One of the most frequent platitudes given by senior commanders to their subordinates is that “people are our most valuable asset.” While this very well may be true in the abstract, the U.S. Defense Department at large prefers to focus its efforts on more tangible items—namely, expensive weapons systems. Even in an era of rapid technological change, the human being remains the linchpin that determines victory or defeat. Yet, despite billions of dollars spent every year on cutting-edge research and development projects for equipment, very few programs are focused on optimizing the physical, psychological and intellectual capabilities of our warfighters.
This is ironic because personnel costs are fast becoming the largest portion of the Defense Department’s budget. Much of these costs stem from widely applied and necessary medical, salary and retirement payments. Yet, treating the human as a weapons system requires concerted research into the realm of pushing human performance to its very limits throughout the spectrum of capabilities. Defense planners currently do a very poor job at capturing these results.
Even the U.S. Army, which boasts a program executive office devoted to the human, does so with a view toward external capabilities such as night-vision goggles rather than getting the most out of the human itself, sans anything else.
The mind is the greatest strategic weapon ever created. More powerful than any computer, its mysteries have only just begun to be revealed. Training such an asset, and understanding the best way to impart relevant lessons, should be paramount. Yet, one of the biggest complaints from trainees is the poor state of military education.
The U.S. Marine Corps recently unveiled a plan to get more out of its top officers through professional education programs within particular career milestones. However, instead of assigning these limited slots in accordance with the intellectual abilities and natural curiosities of the participants, leaders have assigned students to courses of study based on the “needs of the service.” In one case, a friend of mine was assigned to a master’s degree in education after studying as a mechanical engineer in college. Another was assigned to learn Turkish instead of flying as a department head with an operational squadron.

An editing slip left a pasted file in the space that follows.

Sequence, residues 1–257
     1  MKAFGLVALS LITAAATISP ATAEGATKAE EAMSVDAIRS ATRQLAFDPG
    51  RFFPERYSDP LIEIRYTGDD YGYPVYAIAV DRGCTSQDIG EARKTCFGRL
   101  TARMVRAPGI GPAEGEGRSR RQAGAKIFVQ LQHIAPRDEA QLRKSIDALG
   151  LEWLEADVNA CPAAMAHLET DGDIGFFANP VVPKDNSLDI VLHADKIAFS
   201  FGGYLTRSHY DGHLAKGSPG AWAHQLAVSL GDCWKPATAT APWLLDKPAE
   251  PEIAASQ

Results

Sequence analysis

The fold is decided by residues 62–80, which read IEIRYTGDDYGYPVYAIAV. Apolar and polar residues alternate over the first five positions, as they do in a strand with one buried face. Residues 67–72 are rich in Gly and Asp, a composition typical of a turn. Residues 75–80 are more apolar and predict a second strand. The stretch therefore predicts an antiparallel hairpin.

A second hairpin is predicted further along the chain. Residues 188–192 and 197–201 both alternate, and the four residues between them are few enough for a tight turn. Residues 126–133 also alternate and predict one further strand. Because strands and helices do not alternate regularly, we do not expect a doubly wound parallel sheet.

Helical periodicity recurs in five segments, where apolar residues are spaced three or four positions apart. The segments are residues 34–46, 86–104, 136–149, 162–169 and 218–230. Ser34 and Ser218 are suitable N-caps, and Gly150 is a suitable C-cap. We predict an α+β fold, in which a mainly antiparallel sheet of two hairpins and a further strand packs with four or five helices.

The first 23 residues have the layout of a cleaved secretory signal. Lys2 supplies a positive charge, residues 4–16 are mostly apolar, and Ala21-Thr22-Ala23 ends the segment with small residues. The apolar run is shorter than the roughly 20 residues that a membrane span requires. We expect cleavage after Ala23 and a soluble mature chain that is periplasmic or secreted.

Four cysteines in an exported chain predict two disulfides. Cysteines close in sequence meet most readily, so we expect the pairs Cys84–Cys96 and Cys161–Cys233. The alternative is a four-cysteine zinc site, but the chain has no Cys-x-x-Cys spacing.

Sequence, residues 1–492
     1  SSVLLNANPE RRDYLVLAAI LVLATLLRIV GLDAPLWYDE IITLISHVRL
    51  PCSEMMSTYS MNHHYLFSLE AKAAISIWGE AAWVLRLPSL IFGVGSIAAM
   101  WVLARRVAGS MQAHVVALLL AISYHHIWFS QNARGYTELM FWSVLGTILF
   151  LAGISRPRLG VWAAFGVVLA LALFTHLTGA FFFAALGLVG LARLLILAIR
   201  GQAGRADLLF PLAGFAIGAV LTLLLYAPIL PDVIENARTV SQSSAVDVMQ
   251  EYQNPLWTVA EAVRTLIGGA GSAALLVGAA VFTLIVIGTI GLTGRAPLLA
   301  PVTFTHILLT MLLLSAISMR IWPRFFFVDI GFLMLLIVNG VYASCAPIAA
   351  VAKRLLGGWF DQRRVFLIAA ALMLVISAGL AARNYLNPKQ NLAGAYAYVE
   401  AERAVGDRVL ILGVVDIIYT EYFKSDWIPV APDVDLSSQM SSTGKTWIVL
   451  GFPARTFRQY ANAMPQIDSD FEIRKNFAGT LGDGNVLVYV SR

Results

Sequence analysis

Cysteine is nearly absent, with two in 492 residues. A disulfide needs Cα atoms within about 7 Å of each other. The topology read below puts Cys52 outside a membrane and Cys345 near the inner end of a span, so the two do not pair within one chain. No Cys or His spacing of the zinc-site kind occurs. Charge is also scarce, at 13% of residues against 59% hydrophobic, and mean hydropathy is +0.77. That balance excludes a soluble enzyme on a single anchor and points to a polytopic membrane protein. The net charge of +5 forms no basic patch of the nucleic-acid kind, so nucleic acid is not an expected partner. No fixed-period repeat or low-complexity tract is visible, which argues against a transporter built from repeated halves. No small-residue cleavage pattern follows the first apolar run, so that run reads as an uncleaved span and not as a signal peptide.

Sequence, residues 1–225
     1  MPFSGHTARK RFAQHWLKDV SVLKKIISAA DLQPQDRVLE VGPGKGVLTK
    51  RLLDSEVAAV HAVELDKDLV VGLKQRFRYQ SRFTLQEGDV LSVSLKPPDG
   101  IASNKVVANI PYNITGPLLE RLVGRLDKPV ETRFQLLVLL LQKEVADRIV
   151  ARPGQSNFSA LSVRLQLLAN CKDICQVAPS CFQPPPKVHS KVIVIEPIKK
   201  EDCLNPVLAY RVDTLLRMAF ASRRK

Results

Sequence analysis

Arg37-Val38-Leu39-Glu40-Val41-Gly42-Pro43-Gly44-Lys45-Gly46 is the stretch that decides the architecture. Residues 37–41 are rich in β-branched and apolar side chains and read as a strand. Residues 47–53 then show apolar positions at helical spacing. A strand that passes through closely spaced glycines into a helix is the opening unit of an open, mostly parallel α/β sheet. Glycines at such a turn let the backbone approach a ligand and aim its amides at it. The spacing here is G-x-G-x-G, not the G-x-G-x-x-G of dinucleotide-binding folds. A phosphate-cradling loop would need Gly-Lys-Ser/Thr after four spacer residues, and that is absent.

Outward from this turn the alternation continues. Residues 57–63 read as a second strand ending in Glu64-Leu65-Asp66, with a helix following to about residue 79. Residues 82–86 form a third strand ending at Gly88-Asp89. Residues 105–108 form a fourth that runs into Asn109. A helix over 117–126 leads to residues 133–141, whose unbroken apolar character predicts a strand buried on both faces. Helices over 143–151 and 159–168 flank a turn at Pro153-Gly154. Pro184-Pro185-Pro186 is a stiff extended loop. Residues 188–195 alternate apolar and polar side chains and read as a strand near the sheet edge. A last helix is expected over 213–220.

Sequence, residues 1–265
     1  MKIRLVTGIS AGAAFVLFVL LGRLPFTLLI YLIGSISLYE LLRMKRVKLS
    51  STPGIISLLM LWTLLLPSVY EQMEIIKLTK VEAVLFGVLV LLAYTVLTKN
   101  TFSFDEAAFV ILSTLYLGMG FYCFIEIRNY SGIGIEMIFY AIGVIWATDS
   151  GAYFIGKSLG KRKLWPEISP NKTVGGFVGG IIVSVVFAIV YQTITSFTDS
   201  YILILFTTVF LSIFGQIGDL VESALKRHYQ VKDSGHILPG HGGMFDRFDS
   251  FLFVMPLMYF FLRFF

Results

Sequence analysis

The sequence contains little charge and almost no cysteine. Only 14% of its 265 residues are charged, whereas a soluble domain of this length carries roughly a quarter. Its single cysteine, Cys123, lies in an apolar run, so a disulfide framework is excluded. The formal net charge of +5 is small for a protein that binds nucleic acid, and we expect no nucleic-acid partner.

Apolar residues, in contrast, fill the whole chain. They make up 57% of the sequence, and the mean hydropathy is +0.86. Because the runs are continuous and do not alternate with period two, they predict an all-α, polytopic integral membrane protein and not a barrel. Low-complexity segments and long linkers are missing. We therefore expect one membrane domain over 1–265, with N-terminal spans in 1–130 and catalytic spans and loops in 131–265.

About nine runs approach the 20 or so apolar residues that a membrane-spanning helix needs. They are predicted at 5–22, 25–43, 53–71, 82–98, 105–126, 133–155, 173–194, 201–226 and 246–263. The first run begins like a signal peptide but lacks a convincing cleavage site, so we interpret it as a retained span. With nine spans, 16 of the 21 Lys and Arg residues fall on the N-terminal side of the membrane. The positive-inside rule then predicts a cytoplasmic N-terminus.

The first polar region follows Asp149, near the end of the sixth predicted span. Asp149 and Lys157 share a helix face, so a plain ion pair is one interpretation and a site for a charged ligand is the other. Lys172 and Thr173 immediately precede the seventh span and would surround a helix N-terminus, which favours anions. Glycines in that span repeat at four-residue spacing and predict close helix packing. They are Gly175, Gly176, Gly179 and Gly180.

Basic psychology teaches that individuals excel—and benefit their communities best—when allowed to pursue unique passions. On the other hand, a system that shoehorns people into particular educational tracks will lead to suboptimal results and likely will cause more intellectual difficulties than gains. While the motives for the service as a whole may be in the right place—meeting institutional quotas for specific academic courses—by not optimizing individual performance through preference management, obtained results certainly will be worse than intended.
This is just one small example of how training fails to get the most out of human performance. Many computer-based training modules are uninspiring, error prone and non-interactive. These waste time and money, especially when hands-on training done in remediation could have been the main thrust of effort from the outset.
Physical training is another area ripe for optimization. Every service has standardized physical fitness tests, regardless of warfare community. Some, such as special operations, have more stringent and comprehensive tests. Yet, in general, a submariner is treated the same as an aviator when evaluated.
This baseline may be a useful starting point, but the stressors incurred by various communities are very different and should be augmented accordingly. For example, chronic neck strain from high-G maneuvers is common among fighter pilots but rare among sailors on a cruise. Modern exercise techniques can strengthen an aviator’s physiology, but most research in this area is being conducted by civilian academic institutions, not by places such as Top Gun.
Such a comparison may cause some scoffing; but if the latter organization is truly dedicated to making the best fighter pilots possible, tactical know-how may not be enough. Techniques to combat fatigue, optimize caloric intake and improve endurance during stressful maneuvers all are vital elements of keeping a lucid, thinking warfighter engaged during a dogfight. The most knowledgeable tactician in the world is useless after succumbing to G lock.
Process improvements of this sort often offer outsized gains, especially when compared with the high and escalating cost of complex weapons systems. Simply hiring a few medical researchers, specifically those that are already doing studies on professional athletes, would open up new avenues of understanding and combat employment.
The human system, combining intellectual, psychological and physical elements, is the most adaptive and lethal weapon system available. Instead of looking to the next great widget, perhaps unlocking the key to human performance optimization will deliver the next knockout blow to future adversaries.
Lt. Ben Kohlmann, USN, is an F/A-18 instructor pilot serving in the Innovation and Concepts Department at the Naval Warfare Development Command, part of the Chief of Naval Operations’ Rapid Innovation Cell. He is the founder of Disruptive Thinkers, an organization devoted to bringing innovative military personnel together with civilian entrepreneurs. The views expressed in this column are his own and not necessarily those of the U.S. Navy or of SIGNAL Magazine. We welcome your comments on this column below or via email at email@example.com.